From Wikipedia

Battle of Flodden - Wikipedia, the free encyclopedia

An Ard Ri 09-10-2013 05:37 AM

Battle Of Flodden Commemorated

Battle Of Flodden Commemorated - YouTube

An Ard Ri 09-19-2014 07:13 PM

The 10 best English queens in history

The 10 best English queens in history | History Extra

An Ard Ri 10-11-2014 07:55 AM

Video: Panel discussion - The German Kings who Made Britain

Video: Panel discussion - The German Kings who Made Britain

Humfrey 12-09-2014 05:41 AM

Can anyone identify this lady?
1 Attachment(s)
I am hoping someone will be able to identify this royal (or at least aristocratic) lady. Portrait painted about 1802.

Curryong 12-10-2014 04:26 AM

It's not Caroline of Brunswick, is it? There is a faint look of her in my opinion. The portrait would have been very idealised if so, but of course that's always possible!

Ana Von Cleves 12-11-2014 01:36 PM

I really don't think it's a royal. Just doesn't look it to me.

Sent from my iPhone using The Royals Community

Humfrey 12-18-2014 05:13 AM

She most resembles Lady Jersey, but she would probably have been too young to have been this person. The lady is believed to have royal connections, but not necessarily a direct member. She may even have been French or German.

Humfrey 01-06-2015 10:11 AM

1 Attachment(s)
A better version. She may be French - she resembles Louise Marie Adelaide a little.

Rocketmom 04-22-2015 09:32 PM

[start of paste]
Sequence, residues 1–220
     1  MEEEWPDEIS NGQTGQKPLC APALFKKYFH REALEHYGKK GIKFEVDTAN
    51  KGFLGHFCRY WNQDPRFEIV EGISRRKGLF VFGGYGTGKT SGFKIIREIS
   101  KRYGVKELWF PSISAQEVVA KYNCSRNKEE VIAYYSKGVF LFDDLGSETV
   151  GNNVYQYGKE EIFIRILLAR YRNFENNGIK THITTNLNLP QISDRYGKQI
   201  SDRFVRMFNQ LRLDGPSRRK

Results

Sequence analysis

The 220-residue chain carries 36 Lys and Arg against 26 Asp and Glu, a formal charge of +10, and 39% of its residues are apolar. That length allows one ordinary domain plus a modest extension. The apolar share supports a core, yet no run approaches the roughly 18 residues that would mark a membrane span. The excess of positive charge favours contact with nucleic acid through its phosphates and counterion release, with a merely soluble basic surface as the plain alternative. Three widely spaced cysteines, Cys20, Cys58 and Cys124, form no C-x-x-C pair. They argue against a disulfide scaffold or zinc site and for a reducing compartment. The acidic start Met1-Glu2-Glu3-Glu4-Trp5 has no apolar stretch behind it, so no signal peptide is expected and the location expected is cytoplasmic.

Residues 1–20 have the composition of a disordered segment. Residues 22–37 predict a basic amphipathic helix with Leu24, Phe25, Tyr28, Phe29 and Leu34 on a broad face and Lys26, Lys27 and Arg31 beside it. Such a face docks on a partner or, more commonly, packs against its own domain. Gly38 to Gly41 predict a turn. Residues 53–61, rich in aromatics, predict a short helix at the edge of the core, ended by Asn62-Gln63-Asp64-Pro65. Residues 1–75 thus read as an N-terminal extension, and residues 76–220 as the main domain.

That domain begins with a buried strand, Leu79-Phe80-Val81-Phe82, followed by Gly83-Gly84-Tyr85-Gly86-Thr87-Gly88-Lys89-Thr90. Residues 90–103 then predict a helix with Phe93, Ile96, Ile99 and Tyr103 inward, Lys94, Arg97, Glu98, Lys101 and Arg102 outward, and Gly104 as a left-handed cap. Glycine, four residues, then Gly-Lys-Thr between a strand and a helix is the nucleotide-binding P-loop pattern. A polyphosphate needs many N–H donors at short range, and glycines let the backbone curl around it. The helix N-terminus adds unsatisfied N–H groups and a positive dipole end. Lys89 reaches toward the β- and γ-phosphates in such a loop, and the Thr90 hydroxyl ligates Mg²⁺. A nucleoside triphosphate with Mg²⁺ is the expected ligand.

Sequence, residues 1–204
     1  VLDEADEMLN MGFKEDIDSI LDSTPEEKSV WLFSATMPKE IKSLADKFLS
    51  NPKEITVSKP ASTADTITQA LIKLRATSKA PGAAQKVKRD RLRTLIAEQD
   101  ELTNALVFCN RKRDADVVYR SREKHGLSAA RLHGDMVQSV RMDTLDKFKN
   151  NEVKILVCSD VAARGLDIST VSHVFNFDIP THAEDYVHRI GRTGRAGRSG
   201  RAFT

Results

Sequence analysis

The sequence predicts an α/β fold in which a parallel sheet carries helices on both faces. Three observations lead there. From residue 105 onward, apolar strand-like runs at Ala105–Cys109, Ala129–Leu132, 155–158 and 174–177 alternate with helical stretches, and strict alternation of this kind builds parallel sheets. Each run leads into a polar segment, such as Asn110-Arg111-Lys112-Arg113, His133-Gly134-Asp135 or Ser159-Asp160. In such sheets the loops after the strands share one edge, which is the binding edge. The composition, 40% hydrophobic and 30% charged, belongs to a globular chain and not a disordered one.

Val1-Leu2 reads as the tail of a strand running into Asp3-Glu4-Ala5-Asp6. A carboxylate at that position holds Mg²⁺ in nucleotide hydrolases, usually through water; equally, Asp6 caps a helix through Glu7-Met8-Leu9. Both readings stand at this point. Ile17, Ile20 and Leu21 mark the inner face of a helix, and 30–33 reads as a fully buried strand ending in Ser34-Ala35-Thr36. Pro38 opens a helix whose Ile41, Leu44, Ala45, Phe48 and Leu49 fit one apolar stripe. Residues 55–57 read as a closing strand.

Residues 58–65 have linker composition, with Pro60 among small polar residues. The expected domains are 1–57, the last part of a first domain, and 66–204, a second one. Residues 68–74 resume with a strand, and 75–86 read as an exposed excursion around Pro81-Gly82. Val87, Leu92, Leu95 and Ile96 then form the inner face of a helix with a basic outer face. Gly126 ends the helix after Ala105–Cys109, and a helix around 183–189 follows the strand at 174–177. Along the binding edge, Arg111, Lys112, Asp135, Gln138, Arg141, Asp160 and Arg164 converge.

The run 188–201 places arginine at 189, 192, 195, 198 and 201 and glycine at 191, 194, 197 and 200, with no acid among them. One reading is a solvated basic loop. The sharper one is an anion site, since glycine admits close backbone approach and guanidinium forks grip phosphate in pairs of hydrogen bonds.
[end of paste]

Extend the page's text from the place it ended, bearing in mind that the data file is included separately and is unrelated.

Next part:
I wasn't sure where to post this but looked around and settled on this. If there is anyone who has knowledge of military history, I wondered about the British military salute. It is different from the salute of the U.S. military in that the British soldiers have their palm outward whereas the U.S. soldiers have their palm down. Does either way have significance?

An Ard Ri 05-02-2015 03:25 PM

5 royal births that rocked a nation

5 royal baby births in history that rocked a nation | History Extra

An Ard Ri 05-20-2015 06:29 PM

8 things you (probably) didn’t know about the Woodvilles

8 surprising facts about the Woodville family | History Extra

GrahamM 06-12-2015 08:17 AM

Vera Bate Lombardi
She was reputedly the illegitimate daughter of Prince Adolphus, 2nd Duke of Teck and 1st Marquess of Cambridge, by Rosa Baring. I have managed to work out how these two probably knew each other and why they might have met at the time around Vera's conception. I have amended her Wikipedia article accordingly. See:

I have also realized that Vera might have acted as a go-between between Churchill and Mussolini during WW2. I have also added this to the article.

I would welcome people's views on these matters.

PS I have also found that Vera was described as 'adopted' in the 1891 census. This is the first official indication that she was not the legitimate issue of her legal parents.

GrahamM 06-22-2015 11:54 AM

Don't use Wikipedia article
I have had to abandon the Wikipedia article due to interference from 'editors' who know nothing of the subject matter. The article can now be found at:

An Ard Ri 08-17-2015 06:56 AM

How the Tudors invented breakfast!

How the Tudors invented breakfast | History Extra

An Ard Ri 08-17-2015 02:56 PM

How many English kings were known as ‘the Great’?

How many English kings were known as ‘the Great’? | History Extra